Overall crime down in Richmond during pandemic
Jeremy M. Lazarus | 4/23/2020, 6 p.m.
One silver lining during this pandemic is a reduction in crime, according to Richmond Police Chief Will Smith.
In an interview Friday, Chief Smith said that reported major crimes dropped 26 percent in April compared with the same period in February and March — a sign that even criminals might be paying heed to the warnings about the coronavirus and staying home.
That doesn’t mean crime has taken a holiday in the Capital City. For example, homicide already has claimed three lives this month, nearly one-sixth of the 17 people who have been shot, battered and knifed to death so far this year, according to data posted on the Richmond Police Department’s website.
Still, there have been fewer rapes and robberies reported in the first four months of the year compared with the same period a year ago, the data show. A review of the data indicates that the biggest decreases between March and April have occurred in felony assaults and thefts, as well as in the category of other crimes that includes offenses ranging from vandalism to hit-and-runs.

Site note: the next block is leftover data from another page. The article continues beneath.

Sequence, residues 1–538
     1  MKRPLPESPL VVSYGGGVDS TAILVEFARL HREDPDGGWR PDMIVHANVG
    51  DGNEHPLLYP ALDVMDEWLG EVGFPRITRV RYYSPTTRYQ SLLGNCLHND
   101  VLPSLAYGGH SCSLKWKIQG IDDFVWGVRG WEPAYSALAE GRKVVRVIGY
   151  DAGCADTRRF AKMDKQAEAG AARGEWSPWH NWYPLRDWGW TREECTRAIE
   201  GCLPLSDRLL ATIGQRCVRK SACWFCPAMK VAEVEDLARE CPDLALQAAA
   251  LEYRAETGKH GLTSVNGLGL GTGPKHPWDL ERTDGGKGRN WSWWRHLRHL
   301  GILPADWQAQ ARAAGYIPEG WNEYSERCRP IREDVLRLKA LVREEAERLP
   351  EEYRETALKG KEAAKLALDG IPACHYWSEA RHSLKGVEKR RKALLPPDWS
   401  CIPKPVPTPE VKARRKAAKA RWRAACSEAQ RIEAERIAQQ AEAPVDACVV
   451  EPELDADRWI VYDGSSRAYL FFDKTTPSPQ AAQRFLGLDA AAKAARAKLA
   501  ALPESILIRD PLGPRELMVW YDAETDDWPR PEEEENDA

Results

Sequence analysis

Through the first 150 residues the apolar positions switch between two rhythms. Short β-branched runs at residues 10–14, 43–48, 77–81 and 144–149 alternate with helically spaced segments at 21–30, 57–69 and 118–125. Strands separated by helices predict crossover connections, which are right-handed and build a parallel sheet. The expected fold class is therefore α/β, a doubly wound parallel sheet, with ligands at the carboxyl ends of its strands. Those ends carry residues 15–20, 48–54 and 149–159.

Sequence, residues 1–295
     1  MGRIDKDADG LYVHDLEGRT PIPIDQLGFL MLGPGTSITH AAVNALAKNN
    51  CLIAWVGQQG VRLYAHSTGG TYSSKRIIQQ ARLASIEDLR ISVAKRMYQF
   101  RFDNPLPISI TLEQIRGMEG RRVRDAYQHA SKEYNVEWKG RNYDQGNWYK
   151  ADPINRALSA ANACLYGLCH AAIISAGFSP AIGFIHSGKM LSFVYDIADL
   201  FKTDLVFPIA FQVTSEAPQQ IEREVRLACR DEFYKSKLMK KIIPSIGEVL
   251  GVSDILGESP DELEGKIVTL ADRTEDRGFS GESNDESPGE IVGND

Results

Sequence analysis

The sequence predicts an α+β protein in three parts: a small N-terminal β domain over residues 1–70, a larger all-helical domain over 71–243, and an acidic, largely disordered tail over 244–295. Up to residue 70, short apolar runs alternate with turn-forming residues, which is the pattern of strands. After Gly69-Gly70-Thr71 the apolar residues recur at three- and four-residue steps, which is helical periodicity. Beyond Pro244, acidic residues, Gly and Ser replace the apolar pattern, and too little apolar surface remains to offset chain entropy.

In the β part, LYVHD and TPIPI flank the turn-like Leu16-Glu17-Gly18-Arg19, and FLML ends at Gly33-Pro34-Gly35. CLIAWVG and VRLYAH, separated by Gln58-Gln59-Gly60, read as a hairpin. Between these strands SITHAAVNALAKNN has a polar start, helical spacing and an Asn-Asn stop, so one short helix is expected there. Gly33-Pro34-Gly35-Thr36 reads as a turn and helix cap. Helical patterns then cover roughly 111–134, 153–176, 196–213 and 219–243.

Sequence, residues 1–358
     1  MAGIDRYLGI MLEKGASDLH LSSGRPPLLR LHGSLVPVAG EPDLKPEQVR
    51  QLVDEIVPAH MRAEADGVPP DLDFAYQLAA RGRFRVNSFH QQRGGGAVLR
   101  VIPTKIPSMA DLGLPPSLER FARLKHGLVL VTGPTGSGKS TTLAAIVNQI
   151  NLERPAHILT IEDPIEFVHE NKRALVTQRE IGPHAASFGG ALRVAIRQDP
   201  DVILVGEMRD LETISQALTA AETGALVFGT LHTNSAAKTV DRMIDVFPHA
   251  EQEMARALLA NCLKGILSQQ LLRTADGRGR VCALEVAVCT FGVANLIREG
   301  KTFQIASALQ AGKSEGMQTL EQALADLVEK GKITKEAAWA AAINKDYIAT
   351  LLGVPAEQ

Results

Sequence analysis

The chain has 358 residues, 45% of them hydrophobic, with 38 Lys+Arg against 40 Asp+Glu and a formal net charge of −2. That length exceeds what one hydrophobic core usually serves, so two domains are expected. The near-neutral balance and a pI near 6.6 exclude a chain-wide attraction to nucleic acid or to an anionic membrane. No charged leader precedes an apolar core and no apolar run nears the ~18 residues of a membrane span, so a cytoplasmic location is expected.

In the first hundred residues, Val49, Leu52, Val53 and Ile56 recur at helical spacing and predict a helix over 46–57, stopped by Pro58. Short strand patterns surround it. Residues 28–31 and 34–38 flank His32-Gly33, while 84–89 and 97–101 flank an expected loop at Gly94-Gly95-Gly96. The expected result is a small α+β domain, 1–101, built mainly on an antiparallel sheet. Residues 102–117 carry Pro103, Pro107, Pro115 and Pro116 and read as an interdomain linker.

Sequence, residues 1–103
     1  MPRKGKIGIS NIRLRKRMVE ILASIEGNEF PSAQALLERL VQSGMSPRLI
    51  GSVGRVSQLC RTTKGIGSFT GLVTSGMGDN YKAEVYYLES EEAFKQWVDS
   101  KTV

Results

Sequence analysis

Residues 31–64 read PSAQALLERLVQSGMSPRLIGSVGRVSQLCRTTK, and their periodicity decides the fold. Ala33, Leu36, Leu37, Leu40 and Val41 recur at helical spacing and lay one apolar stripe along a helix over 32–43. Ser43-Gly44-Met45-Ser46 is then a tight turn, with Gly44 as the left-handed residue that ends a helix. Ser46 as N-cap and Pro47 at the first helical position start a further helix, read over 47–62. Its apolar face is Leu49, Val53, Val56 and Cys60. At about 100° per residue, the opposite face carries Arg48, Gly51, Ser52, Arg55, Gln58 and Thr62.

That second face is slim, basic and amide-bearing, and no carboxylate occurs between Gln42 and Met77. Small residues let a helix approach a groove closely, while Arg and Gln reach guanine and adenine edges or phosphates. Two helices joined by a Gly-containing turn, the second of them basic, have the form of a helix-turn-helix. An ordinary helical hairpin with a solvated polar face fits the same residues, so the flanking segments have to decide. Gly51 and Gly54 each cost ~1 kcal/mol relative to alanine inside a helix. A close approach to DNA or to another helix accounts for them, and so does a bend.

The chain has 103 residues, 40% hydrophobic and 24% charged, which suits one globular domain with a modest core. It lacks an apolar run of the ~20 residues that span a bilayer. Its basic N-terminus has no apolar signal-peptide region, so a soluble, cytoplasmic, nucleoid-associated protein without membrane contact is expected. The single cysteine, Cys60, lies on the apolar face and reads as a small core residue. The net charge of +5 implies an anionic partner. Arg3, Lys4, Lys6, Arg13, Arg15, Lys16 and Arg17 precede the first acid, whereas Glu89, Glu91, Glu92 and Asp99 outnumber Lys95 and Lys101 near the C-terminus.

During the first 21 days of April, the department received reports of 255 thefts of property. That is 31 percent fewer than the 368 property thefts reported during the first 21 days of March.
So far in April, 164 assaults have been reported, 23 percent fewer than the 213 assaults reported in the first 21 days of March.
In the category of other crimes, 1,028 were reported in the first 21 days of March, but only 709 in the first 21 days of April, a 31 percent drop.
For Chief Smith, the pandemic also has meant more officers have been available to respond and fewer officers have been tied up testifying in court, with judges postponing many of the cases.
He also noted the department’s rank and file has largely remained healthy.
Chief Smith reported that he has about 655 sworn personnel available for duty of the 755 officers he is authorized, which he described as typical for the department. Of the 100 others on the department’s roster, 28 are recruits in training. Others are out on scheduled holiday leave, on the bench for disciplinary reasons, away on military service, on medical leave for other reasons than the virus or unavailable for other reasons.
“Overall, I think our department is in pretty good shape,” Chief Smith said.
He is keeping his fingers crossed that the downward trend in overall crime continues.